If the dose described in Branchflower’s lawsuit is accurate, it’s a high one. An ongoing clinical trial for intranasal ketamine for cancer pain is using a max of 50mg per patient. A paper on the treatment of chronic pain with ketamine published in January describes a recommended dose for applying ketamine via nasal spray of 0.2mg to 1mg per kg bodyweight. The police report lists Branchflower’s weight as 220lbs, so at max, he should have been taking 100mg per day. The Saenz lawsuit does not mention a dosage.

But what’s odd about these two lawsuits is that ketamine isn’t known to cause violence or suicidal thoughts. If anything, it causes the opposite. Ketamine is a powerful sedative, often used to tranquilize patients who are severely agitated and acting violently. The drug is stocked in most emergency rooms because it’s also an powerful painkiller that doesn’t have some of the same risks as opioids.


"I don’t know of any literature on that,” said Celia Morgan, a professor of psychopharmacology at the University of Exeter, when asked whether she had ever heard of ketamine causing violence. “Certainly that’s not a reported side effect in any ketamine users or any of the trials with healthy people or patients. I’d be interested to know if this was totally out of character or if they had histories of violent behavior.”

Morgan said it was important to consider the influence of mental health problems on people’s reactions to drugs. “Our studies have shown that people who use large amounts of ketamine over a long period do seem to have some paranoid thoughts, but it’s not clear if these come from long term ketamine use or if they were like that before." She said medical centers prescribing ketamine usually screen for psychosis before giving the drug.

"Ketamine is an anaesthetic, so most people aren’t doing a lot of moving while affected by it,” said Karl Jansen, a physician and the author of Ketamine: Dreams and Realities, adding that blaming drugs for violent behavior is nothing new. “Egregious acts have been attributed to the effect of pretty much all mind-altering chemicals." Earlier this year Matthew Brown, a Canadian hockey player at Mount Royal University, was acquitted of breaking and entering and aggravated assault after blaming his actions on magic mushrooms.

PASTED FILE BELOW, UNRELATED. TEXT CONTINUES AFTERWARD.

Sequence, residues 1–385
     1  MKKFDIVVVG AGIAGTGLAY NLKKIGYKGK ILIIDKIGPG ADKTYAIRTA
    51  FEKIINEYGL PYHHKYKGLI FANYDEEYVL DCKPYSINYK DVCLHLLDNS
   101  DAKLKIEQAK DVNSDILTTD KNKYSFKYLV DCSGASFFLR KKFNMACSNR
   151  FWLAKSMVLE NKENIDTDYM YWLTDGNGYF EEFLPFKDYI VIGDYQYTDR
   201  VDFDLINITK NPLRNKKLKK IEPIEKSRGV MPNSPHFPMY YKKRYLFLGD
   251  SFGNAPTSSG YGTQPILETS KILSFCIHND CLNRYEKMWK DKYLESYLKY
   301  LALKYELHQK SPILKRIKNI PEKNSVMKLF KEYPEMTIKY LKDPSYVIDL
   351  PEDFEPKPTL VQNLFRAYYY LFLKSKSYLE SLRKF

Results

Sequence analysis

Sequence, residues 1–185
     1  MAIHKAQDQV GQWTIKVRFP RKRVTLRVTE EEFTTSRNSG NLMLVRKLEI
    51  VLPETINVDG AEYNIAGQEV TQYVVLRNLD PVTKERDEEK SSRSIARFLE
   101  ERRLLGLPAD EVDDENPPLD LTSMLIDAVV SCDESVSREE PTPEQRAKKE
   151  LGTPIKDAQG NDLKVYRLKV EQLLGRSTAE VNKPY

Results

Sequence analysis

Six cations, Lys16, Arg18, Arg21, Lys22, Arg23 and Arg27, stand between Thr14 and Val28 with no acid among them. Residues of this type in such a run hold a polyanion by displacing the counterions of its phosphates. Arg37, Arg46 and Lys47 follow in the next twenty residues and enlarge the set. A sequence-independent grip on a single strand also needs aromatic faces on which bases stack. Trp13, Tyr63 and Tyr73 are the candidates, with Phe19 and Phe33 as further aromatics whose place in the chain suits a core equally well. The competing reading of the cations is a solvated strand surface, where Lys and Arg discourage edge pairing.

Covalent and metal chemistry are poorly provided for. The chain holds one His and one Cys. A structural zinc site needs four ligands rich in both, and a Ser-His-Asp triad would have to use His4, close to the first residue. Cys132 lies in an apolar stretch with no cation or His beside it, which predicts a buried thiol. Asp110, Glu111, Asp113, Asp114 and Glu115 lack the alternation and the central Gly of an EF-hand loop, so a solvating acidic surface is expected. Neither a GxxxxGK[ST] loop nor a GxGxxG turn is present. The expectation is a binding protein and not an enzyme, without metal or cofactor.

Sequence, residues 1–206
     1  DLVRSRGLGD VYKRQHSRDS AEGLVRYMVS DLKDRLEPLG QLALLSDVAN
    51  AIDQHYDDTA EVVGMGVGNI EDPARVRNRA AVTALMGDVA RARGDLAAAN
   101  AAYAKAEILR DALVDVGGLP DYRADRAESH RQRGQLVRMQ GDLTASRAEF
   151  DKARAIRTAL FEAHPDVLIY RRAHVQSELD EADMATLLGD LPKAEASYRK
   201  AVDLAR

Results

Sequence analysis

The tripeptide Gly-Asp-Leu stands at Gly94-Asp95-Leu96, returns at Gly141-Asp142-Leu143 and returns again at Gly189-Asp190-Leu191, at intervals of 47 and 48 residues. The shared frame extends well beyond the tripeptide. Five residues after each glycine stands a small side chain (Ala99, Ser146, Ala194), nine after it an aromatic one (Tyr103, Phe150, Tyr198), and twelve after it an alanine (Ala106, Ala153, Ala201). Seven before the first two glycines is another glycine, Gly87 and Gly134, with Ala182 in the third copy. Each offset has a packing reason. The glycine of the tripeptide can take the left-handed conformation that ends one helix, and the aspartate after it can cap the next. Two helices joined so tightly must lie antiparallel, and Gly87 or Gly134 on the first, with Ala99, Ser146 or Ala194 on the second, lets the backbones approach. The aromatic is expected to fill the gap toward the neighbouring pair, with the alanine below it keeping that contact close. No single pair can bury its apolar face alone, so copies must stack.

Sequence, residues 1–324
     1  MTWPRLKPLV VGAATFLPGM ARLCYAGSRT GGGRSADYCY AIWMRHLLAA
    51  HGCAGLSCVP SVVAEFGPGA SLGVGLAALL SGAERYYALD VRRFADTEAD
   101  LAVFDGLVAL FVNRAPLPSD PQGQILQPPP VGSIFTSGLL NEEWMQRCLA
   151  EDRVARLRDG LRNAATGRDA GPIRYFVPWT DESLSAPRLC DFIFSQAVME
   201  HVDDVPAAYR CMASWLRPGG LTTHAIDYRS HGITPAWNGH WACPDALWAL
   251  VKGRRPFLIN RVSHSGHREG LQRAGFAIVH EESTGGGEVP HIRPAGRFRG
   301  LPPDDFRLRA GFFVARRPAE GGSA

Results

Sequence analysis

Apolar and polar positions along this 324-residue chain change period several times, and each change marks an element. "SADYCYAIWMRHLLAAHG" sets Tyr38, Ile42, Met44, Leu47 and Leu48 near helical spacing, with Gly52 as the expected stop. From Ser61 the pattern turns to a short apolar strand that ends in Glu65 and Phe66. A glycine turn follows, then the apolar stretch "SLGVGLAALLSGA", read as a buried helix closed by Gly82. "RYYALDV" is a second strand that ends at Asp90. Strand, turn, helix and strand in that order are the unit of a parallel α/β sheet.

Ketamine is best known as a dental or battlefield anaesthetic, but is also snorted in lines as a recreational “rave” or after party drug. At high doses, it can make people feel like they’ve dissociated or left their body—known as a K-Hole—that some describe as like a near-death experience. Although most popular in the UK, there are also reports of the drug being increasingly used by U.S. clubbers.


For patients with hard-to-treat depression or post-traumatic stress disorder, ketamine can be highly beneficial, reaching patients in ways that other drugs may have failed. Some patients with suicidal thoughts who take ketamine report their symptoms evaporating in just a few hours, although the results may fade after several weeks and not all patients respond.

This sparked a trend in clinics prescribing ketamine off-label to treat a broad range of mental health problems using slow drip (infusion) injections. In recent years, ketamine has started to be used for treating chronic pain as an alternative to opioids.

Ketamine has been the center of lawsuits before, but those cases typically revolve around its sedative effects.

“I have not heard of or had personal experience with patients becoming violent on ketamine,” said Steven Mandel, the founder and president of Ketamine Clinics in Los Angeles. “In fact, in most cases, the opposite is reported. Patients are sedated and less active. Ketamine does not share the agitating features of stimulants or other ‘uppers’ that have a reputation for violence.”